5. First I would ask you how you know that it was made by Napier? Does the bow have a seating channel for the frog to rest in? Are there any markings on the bow other than the brand stamp? Here is an exerpt from a bok on the Hill bow makers: "William Napier was bor in Forfar, Scotland in 1848. While working as a joiner in the packing department of Broadwoods Piano factory, he and a workmate found a couple of violins in the loft. Napier was "bitten by the bug." He became a keen amateur violinmaker. Later, Retford- while holding Napier himself in no great esteem- thought that those Napier violins that he saw were credibly made. While visiting the Hill shop in Bond street to buy violinmaking materials, shortly after the departure of Sam Allen from Hill, Napier made such a good impression in conversation with one of the Hill family that he was immediately offered a job. This was to be the vacant Workshops Manager position at Hanwell. Like Allen, he was then put onto bow making without having previous experience of the work. Later, from differing perspectives, both Retford and Bultitude considered that Napier achieved praiseworthy efforts at bow making without being particularly inspired. Both men agreed that Napier's strongest suit was in the making of cello bows. With Napier thoug, as later with fellow- Scot and ex-Broadwoods colleague William Grieve Johnston, mere ly being a good woodworker was not enough to gain Retford's complete professional respect. He considered neither Napier of Johnston to be interested in bowmaking itself: " they did not examine the maker's work as it was finished." This meant in Retford's eyes that they knew little beyond the confines of their own benches..."and not too much of that. To them, a bow was just another piece of carpentry." Much of Napier's bowmaking was done before Hill adopted the more elegant Tourte head as a model.'Cello bows aside, many of his bows are charachterised by stiffness and a lack of flair. His work was considered by both Retford and Bultitude to have little to reccommend it in the way of real artistry. Napier also suffered from invidious comparisons, inevitalbly made, between his work and that of the departed Sam Allen. An idealist and perfectionist, such as the young Retford, would have revered Allen who was versatile, had flair- and was not on an adjoining bench to quarel with. Neither did Napier possess Allen's metal working skills and he has absolutely o interest in acquiring them. It was therfore fortunate, both for himself and for the Hill shop, that two such notable metal workers as Goulter and Dyer were then also employed at W. E. Hill &* sons. Despite what may be a number of working flaws, the employment of Napier as Manager at Hanwell was another of those inspired decisions made by the Hill brothers, which seemed to regularly occur- especially during the first twenty or so years of the firm's existence. Napier was a born organizer, where Sam Allen was decidedly not. In "disciplined" times, he was an exceptionally disciplined man and he ran a well-organized shop. In all his time at Hill, Napier also never learned how to properly rehair a bow "but" noted Bultitude, "was not alone in that for a number of Hill makers had the same failing." Napier retired to Cornwall in 1930, and died there shortly afterwards. He was an active man almost to the end. Bows made by Napier at Hill bear no maker's mark.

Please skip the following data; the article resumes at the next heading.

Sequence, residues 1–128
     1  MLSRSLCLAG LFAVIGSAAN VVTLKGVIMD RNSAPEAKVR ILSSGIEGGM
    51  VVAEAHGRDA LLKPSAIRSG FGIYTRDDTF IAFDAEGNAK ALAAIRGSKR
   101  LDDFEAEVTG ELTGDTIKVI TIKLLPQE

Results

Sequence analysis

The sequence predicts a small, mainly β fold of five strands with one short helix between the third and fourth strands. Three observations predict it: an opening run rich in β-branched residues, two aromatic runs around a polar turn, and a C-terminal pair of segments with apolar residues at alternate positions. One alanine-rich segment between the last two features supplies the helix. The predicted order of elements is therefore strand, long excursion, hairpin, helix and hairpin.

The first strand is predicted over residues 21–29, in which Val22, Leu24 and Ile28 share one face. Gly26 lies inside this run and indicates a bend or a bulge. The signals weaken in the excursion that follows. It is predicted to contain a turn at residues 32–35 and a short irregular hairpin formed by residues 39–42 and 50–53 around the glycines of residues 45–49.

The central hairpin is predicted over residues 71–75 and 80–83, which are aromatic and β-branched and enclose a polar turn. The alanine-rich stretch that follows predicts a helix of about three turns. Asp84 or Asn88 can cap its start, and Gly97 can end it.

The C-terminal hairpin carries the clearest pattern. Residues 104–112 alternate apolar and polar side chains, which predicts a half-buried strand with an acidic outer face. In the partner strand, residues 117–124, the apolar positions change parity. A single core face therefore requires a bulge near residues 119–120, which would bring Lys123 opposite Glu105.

6. I just discussed this with Eric Benning, a luthier in my area. He studied with Carl Becker Jr. and he said that the channel is mostly cut when he puts the purfling in and that's the way the Beckers have done it along with most of the people who have been trained by that family over the years. After the purfling is installed the channel is just lightly gone over again for finishing.
  7. I highly reccommend if you are in the L.A. area that you visit Studio City Music. They are very close to Universal Studios. The Benning family has owned the store for almost 50 years and they are very personable. Studio City Music Inc. 11336 Ventura Blvd. (818) 762-1374
  8. I'm still not able to access it though. A screen comes up on my MSN server and says my server is unauthorized. Any clues?
  9. robjohn30

    ICS

    I don't know if my last post was removed because it dealt with the intenet cello society's home pages but i just posted wondering if anybody else has had trouble accessing the ICS.? Then my original post here was gone. What's going on here?
  10. Is anybody else having trouble accessing the internet cello society? For 2 days now whenever i try to go there it says that access is denied to my server. Whatever that means. Just wondering if it's a problem on my end.
  11. William Watson is probably one of the greatest authorities on bows alive, although he doesn't make a show of it. I have seen him identify bows with such second nature. Having been shown the greatest bows by the English's greatest maker, William Retford, He is indeed a great. And by the way, he has little or no respect for the certificates of Raffin.
  12. I'm a new computer user and I just stumbled upon this board. I was wondering if this was a good chat board for professional cellists or if anybody knew of any boards that would be more suitable. Thank you for your reply.